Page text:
"We have to be aware of everything in this football game – special teams, offense and defense. They're obviously very well-coached. They know situations and they are excellent at it in every situation – field goal, punt, punt return, kickoff. You have to be aware of everything. On defense, they can give you multiple fronts, multiple looks, multiple blitzes, multiple coverages. Obviously on offense, multiple sets – three-receiver sets, four-receiver sets, empty, three tight ends, one back. They do it all. So, they're very effective. Like I said last week, this is going to be our most important week of preparation in all three phases. So, we have to be on top of what we're doing and be focused."

On if he ran quarterback sneaks as a player:

"I never ran them. I hated them. I always got killed [laughter]. I couldn't stand them, but I think it's just a matter of following your surge and obviously running against a good look. I've seen teams run them and get rejected. Big nose guards and guards are covered and everything is a mess in there. But, he [Brady] is very successful against them. I think if you look at all the quarterback sneaks he's run, they've been against favorable fronts. He does a great job of getting the timing down and obviously getting that big yard."

On if New England's schemes are more sophisticated than those of other teams:

"Well, they're just different. They have different ways of approaching their offense and defense. Every week is different. You know, that's why playing the quarterback position is so difficult for young quarterbacks because it's not like you're going to see the same front and same coverage every week. Every week you're going to have something different. It could be an odd front. It could be an even front, could be a big-blitz team, could be a Cover 2 team, a man team. So, it's a matter of adjusting each week to everybody's game plan but New England does do quite a bit. They are very physical up front. They have a lot of different fronts that can give you problems on defense and offensively, obviously, with the way they can hurt you, they can hurt you with [LeGarrette] Blount in the power running game. They can get Dion Lewis out there and he can run the ball, obviously. The quick passing game they're outstanding with, and the play-actions, they're as good as anybody. You know, trying to get them in a third down and long is going to be difficult, but that's the objective and then, rush the passer."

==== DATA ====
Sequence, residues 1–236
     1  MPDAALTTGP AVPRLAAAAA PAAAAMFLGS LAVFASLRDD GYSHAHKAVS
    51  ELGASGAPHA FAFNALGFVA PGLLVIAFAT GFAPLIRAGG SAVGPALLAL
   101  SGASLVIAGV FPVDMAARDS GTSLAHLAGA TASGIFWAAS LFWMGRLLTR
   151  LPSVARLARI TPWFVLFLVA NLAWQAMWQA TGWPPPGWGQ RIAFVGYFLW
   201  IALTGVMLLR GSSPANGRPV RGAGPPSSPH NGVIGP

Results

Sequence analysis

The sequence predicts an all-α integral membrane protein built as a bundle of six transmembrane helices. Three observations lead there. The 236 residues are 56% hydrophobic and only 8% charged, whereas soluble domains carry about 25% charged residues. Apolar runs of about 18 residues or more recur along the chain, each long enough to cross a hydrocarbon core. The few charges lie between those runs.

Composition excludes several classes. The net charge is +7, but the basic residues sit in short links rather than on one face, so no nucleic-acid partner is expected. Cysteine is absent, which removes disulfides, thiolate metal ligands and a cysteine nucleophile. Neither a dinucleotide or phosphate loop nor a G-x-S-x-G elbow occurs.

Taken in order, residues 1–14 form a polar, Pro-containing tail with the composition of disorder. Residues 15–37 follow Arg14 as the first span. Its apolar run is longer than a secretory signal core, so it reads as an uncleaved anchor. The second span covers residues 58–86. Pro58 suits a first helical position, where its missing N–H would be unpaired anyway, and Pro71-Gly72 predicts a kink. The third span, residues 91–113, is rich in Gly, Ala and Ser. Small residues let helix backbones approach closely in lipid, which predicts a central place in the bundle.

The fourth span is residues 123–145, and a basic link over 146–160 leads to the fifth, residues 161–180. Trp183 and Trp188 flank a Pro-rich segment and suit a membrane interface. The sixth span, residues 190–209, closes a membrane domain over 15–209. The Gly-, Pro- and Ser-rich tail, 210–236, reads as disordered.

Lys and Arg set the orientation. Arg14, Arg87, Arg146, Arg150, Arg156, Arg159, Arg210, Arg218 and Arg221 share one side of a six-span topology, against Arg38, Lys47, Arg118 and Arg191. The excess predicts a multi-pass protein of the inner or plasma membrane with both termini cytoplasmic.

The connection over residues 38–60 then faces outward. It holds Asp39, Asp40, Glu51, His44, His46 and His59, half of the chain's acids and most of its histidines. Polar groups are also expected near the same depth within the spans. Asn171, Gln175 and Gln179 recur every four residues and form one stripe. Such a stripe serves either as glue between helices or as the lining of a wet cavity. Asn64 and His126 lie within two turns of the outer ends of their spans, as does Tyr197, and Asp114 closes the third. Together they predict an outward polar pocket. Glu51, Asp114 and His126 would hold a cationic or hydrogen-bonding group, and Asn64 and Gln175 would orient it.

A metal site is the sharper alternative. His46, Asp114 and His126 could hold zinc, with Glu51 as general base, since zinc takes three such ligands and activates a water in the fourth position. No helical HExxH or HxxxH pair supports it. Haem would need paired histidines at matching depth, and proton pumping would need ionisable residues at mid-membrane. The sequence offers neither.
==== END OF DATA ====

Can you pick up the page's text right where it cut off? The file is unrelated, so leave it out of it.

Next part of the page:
On the emphasis with the offensive line this week:

"Everything – fundamentals, footwork. Where we're going, identification of the defense is very, very important with multiple-front teams. ID-ing who the Mike [is]… All that is going to be very, very important. Obviously, the tight ends are a big part of that and the receivers a huge part of that. If you run an outside zone and the lineman blocks it perfectly but your receiver misses the corner and he comes up and makes a tackle for a gain of three, everybody wants to know what's wrong with your running game. The receiver missed a block. Everybody has to be working together and we're working on that every day with different types of runs, how we're approaching them, how we're blocking them, how we're ID-ing them."

On what he sees from the offensive line in practice: